Burn (2019)

3 out of 5

Directed by: Mike Gan

Single location thrillers, even when their location is inspired – like Mike Gan’s Burn’s Gas Station – often have to stretch to reach the 90 minute (or more) mark of a feature length film.  And in that stretching, weird, often tension-deflating things happen.  Burn suffers from this as well, but as with his Into the Dark entry, School Spirit, Gan works within the limitations of his chosen genre to focus on elements that can either fall by the wayside or be abused for purposes of distraction and tightens them up impressively, delivering a successful – and almost great – flick.

Melinda (Tilda Cobham-Hervey) is a little… off.  We get that, via her somewhat uncomfortable no-no-to-smoking discussion with a patron of the gas station at which she works, but Gan and Harvey take great strides to not judge this offness, or to not play it up as some easily dismissed syndrome or issue.  Melinda maybe photo stalks boys, and likes to stick her finger into hot coffee, but there’s something about her social discomfit to which we can relate, allowing her role to hover inbetween humorous and sympathetic.  And perhaps too sympathetic: when Billy (Josh Hutcherson) butts into the station with a gun, sticking up both Melinda and coworker Sheila (Suki Waterhouse), the film initially takes some wicked turns that make Burn into the single location setup – locking the trio inside together – but in its final act, certain decisions are made which seem to back off from (or redirect) this wickedness.  But while we’re initially on that dark path, Burn is fantastically tense, keeping us on the edge of wondering what, exactly, is going to happen.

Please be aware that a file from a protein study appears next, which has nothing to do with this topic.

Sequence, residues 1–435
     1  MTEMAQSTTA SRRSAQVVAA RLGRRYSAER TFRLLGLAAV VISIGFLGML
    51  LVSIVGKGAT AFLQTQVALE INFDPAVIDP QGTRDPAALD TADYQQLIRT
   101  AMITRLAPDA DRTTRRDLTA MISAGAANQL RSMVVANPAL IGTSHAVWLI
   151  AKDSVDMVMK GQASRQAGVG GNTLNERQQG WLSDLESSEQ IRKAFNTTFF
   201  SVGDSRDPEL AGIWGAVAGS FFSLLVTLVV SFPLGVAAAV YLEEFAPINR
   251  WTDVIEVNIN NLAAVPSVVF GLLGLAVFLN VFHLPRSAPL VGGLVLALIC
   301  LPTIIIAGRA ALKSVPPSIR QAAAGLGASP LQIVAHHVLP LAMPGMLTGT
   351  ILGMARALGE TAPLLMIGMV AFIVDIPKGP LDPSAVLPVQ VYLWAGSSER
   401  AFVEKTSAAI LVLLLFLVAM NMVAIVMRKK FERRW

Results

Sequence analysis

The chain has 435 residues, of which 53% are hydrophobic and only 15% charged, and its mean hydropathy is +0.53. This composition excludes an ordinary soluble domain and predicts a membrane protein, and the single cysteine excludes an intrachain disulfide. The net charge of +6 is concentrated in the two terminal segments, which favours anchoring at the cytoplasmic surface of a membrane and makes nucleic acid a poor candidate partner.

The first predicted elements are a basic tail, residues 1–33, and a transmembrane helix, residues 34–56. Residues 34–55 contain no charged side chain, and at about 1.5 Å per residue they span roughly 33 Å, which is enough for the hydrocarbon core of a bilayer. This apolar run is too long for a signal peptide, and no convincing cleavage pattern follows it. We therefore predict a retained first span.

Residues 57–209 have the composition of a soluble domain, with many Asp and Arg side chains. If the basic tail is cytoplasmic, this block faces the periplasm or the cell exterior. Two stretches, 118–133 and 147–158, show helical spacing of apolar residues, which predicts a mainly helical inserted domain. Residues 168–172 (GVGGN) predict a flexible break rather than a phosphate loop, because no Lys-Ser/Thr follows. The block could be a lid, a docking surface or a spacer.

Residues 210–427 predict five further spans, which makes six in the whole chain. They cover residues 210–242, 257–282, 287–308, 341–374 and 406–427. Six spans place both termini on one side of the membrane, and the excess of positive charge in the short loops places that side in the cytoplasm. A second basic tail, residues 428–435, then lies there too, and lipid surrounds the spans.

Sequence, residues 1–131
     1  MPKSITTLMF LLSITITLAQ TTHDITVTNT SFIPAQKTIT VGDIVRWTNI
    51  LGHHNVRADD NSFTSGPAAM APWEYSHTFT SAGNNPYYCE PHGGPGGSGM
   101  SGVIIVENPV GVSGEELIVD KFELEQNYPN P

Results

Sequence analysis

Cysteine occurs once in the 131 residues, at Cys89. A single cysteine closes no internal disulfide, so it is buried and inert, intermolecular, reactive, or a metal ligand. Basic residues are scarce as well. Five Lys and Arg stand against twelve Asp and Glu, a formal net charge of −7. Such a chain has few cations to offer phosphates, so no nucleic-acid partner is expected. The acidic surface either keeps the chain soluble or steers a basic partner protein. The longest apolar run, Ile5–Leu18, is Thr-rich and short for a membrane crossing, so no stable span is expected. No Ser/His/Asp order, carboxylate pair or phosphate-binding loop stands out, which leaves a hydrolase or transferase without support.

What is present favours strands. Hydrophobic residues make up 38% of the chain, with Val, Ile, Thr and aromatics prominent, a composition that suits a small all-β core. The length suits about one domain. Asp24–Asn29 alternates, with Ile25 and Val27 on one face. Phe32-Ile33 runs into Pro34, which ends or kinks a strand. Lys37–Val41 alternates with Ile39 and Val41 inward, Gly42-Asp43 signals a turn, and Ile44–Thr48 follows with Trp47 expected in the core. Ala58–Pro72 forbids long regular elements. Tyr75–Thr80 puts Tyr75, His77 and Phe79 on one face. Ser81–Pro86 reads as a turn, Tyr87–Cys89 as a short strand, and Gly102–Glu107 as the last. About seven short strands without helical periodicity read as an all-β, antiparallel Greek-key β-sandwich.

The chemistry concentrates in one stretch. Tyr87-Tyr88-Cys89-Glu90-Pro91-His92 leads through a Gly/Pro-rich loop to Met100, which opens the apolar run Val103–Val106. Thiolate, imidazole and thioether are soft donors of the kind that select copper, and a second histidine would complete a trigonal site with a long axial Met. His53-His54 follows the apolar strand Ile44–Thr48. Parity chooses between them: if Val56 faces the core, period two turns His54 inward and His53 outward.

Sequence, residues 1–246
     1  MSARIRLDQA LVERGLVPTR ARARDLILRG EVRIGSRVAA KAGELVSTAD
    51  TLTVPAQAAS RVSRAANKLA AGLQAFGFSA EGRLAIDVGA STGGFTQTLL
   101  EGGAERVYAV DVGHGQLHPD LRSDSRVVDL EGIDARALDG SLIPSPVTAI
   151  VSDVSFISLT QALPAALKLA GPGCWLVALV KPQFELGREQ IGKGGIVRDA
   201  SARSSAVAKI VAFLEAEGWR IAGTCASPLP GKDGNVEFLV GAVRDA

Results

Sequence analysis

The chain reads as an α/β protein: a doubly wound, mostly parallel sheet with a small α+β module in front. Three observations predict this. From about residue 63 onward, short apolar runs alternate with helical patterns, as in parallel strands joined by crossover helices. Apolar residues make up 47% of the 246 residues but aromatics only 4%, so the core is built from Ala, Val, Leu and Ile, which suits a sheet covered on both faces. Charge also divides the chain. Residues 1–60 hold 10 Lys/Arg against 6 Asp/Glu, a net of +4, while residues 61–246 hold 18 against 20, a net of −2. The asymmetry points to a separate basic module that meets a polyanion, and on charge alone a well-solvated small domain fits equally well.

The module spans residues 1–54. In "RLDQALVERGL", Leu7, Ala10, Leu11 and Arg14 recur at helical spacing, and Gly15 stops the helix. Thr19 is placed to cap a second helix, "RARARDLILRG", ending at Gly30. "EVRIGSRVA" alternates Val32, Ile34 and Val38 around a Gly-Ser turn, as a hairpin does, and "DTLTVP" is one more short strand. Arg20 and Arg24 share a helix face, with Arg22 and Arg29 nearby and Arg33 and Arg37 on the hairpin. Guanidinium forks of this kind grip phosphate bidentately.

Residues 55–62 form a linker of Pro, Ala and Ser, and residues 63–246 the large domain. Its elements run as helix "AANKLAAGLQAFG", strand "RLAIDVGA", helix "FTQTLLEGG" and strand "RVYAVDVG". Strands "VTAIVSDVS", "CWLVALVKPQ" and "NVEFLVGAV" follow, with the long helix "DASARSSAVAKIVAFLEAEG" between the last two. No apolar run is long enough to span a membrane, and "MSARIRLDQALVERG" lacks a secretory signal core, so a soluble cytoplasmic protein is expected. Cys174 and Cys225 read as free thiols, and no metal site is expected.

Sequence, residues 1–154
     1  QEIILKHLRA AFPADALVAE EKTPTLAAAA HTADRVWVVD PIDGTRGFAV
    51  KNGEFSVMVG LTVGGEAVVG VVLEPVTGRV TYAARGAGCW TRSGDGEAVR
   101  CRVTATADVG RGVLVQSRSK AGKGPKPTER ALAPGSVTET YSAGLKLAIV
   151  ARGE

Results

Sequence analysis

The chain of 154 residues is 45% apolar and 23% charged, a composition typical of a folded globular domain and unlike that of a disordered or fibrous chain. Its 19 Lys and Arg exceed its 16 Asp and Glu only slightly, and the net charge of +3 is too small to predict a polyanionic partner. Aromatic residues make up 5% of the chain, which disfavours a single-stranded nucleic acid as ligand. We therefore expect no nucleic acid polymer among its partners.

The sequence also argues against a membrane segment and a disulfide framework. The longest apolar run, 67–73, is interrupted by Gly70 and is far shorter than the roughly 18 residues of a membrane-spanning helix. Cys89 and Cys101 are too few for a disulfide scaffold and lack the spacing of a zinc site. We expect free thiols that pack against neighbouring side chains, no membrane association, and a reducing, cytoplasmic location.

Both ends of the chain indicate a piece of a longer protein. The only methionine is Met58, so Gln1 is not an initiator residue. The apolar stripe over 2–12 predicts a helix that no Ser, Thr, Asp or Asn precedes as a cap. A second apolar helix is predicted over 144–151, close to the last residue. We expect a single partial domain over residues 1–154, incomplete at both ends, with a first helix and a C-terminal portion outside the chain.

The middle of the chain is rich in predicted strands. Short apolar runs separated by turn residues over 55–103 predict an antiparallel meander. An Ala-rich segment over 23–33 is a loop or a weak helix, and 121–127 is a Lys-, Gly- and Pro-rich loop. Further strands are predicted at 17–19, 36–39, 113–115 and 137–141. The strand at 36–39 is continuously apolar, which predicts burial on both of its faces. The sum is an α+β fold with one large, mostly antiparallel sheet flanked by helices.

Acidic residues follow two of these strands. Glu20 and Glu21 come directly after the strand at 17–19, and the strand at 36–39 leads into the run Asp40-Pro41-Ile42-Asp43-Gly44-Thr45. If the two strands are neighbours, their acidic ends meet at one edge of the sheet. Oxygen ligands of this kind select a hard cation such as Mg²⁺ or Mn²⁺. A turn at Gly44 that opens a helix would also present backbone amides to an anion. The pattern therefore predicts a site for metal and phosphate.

Eh, excepting the flash-forward that opens the film, which, similarly, seems designed to put us on Melinda’s side.  Thankfully, the immersive performances of Waterhouse and Hutcherson – and especially Coham-Hervey – are enough to make us forget this introductory misstep until the film wraps back around to it, and during the first, nervy hour of the movie, Gan never lets us forget the reality of the situation, nor completely abandons a somewhat humorous undercurrent, both tactics used excellently to juxtapose the thrills.